In the Tungusu-Manchurian language, the word shaman means, “to know.” What researchers have found is that many early cultures had their own and often unique forms of shamanism. Some of the cultures evidencing shamanism are the peoples of North and South American, Asia, India, Africa, the South Pacific and Australia. We can see through the artefacts, local myths and stories that each early culture throughout the world had its own shamans and shamanic practices. Often times the shaman was thought to be the only person in the tribe able to communicate with the spirits of ancestors and the various Gods and Demons. The Shaman had the role of being the communicator and translator of the Spirits and the unseen world to the people of the community/tribe/village. The treatment of the shaman socially often varied from group to group, but not many envied the role. There were then, and still are, so many superstitions and fears surrounding communication with the Spirit World and the unseen that few people wanted to travel this road.
Studying and practicing shamanism today gives us a great advantage over our Ancestors. Via books, long distance travel, the internet to name only a few methods of communication and interaction we have at our disposal many ancient techniques that allow us to transcend this physical world and re-member again our connection to the Source, to experience again Unity with the Universe. Because I am a child of the World and not one small tribe I can safely learn and teach universal or near-universal shamanic techniques. The term universal or near universal simply means the techniques which are found common amongst many of the cultures.
Globally Shamans experience ecstatic trance brought on by the sound of the drum or the rattle, by dancing, by meditation, you get the idea. As well as global commonalities there are also individual techniques shown and given to each person who seeks them. It has been my experience that each of us has the ability and the opportunity to develop a wonderful and close relationship to Spirit.
Shamanism may be the oldest of all the healing arts. Archaeologists and anthropologists have dated shamanistic practices as ancient as 40,000 years. Evidence of shamanic practice can be found on all the continents in the form of rock paintings and carvings. The oldest archaeological evidence of shamanistic practices comes from the Altai and Ural Mountains of western China and Russia. These practices have been concluded to have been some sort of religion, a word that I would not associate with shamanism. Shamanism is not a religion, but a spiritual practice that involves a relationship with all things in nature, be they animate or inanimate. Maintaining a regular practice of shamanism builds our awareness of the unity we have will all beings. When we make this connection we can truly access our healer selves. Shamanic healing is a different approach in that it often restores something missing from our lives; a union with the Divine, a union with our WHOLE SELVES.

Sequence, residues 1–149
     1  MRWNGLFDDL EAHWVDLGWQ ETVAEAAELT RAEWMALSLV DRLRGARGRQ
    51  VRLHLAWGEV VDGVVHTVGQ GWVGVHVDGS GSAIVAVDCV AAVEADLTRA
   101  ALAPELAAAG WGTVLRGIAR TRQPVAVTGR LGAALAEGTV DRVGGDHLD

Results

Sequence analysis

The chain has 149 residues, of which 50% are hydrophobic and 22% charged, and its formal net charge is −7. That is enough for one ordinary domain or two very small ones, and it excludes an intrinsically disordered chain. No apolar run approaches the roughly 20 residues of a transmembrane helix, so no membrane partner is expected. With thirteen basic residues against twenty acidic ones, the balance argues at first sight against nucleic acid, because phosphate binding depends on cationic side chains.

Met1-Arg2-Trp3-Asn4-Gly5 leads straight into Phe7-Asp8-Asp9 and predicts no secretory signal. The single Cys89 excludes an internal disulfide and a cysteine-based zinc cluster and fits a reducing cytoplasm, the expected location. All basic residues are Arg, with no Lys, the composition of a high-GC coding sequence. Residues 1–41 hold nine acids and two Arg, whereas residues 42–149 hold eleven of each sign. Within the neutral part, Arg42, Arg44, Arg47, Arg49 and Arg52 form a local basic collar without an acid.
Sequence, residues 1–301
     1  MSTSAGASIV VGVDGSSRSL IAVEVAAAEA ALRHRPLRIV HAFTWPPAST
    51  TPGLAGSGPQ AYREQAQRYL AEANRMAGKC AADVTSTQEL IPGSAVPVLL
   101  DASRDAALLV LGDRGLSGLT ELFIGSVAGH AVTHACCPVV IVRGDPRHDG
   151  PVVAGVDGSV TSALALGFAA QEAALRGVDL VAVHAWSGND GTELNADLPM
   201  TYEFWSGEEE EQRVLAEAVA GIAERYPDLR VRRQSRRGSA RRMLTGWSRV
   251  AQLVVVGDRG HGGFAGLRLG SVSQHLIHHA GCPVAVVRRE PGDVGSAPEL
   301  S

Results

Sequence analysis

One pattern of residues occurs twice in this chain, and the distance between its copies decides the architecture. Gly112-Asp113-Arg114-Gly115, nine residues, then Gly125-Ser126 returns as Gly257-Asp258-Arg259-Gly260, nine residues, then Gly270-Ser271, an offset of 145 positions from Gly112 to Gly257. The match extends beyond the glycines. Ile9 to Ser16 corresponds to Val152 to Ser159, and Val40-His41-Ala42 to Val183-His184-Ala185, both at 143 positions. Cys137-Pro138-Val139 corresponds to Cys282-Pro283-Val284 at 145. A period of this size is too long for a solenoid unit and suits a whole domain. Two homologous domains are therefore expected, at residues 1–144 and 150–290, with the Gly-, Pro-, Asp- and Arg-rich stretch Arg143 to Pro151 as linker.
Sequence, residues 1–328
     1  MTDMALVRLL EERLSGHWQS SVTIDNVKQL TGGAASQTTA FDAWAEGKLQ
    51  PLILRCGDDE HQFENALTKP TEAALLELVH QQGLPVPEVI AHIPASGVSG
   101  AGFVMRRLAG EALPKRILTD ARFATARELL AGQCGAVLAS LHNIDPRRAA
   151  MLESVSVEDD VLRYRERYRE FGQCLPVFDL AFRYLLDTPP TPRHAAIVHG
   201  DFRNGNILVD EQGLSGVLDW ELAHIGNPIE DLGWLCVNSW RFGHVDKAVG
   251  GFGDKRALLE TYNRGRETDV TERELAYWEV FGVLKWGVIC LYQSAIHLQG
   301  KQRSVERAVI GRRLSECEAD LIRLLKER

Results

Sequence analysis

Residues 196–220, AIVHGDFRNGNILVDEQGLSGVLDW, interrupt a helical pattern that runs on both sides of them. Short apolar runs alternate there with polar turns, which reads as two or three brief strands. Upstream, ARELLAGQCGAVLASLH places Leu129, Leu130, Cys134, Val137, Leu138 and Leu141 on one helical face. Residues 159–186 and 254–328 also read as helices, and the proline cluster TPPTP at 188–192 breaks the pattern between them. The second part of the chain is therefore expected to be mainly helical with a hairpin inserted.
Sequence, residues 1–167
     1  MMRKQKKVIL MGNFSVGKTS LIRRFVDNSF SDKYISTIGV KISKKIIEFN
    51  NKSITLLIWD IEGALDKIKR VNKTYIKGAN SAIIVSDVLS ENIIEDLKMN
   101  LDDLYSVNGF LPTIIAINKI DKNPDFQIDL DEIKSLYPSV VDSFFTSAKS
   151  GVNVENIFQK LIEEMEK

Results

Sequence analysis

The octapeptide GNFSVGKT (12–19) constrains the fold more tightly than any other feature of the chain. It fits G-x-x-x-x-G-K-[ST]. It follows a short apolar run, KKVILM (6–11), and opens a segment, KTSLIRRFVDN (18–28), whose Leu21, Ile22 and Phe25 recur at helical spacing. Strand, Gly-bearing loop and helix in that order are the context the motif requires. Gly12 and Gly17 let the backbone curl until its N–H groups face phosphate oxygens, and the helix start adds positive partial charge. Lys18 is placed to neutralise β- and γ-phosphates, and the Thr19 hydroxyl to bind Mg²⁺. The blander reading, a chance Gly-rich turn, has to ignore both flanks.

One of the first things people ask me is “Is this real” or “How do I know this is real and not imaginary or in my head” Okay I am paraphrasing a bit but you get the idea. Too often people focus in on what’s ‘actually’ true, or ‘real’, when in reality such a thing has no merit or basis in the work that we do shamanically. Spirits and humans have existed as social relations or as family, for thousands of generations. Our understanding of that relationship is based and interpreted on experience. Most of this experience has nothing or little to do with the outside world.
Shamanism is non-rational. Not irrational, non-rational. If we try too much to force theoretical ideology into it, it will not “fit”. The rational framework for shamanic work comes largely from experience.
My experience of shamanic practice is that what we can teach well to others is that which grows out of our own deep understanding. Then we teach not just from our head but from our being. Shamanism is not theosophy. It is a practise that is based on experience; experience of the spirits and experience of life. My understanding of Spirit and Spirit work is based on my spirit kin’s teaching and on my life. It works for me. It is different from my understanding of that even a short year ago. We all have our own spirit teachers and they are not the same.
There is no separation between yourself and the world around you. Instead of reaching out to find it, become more aware of your surroundings.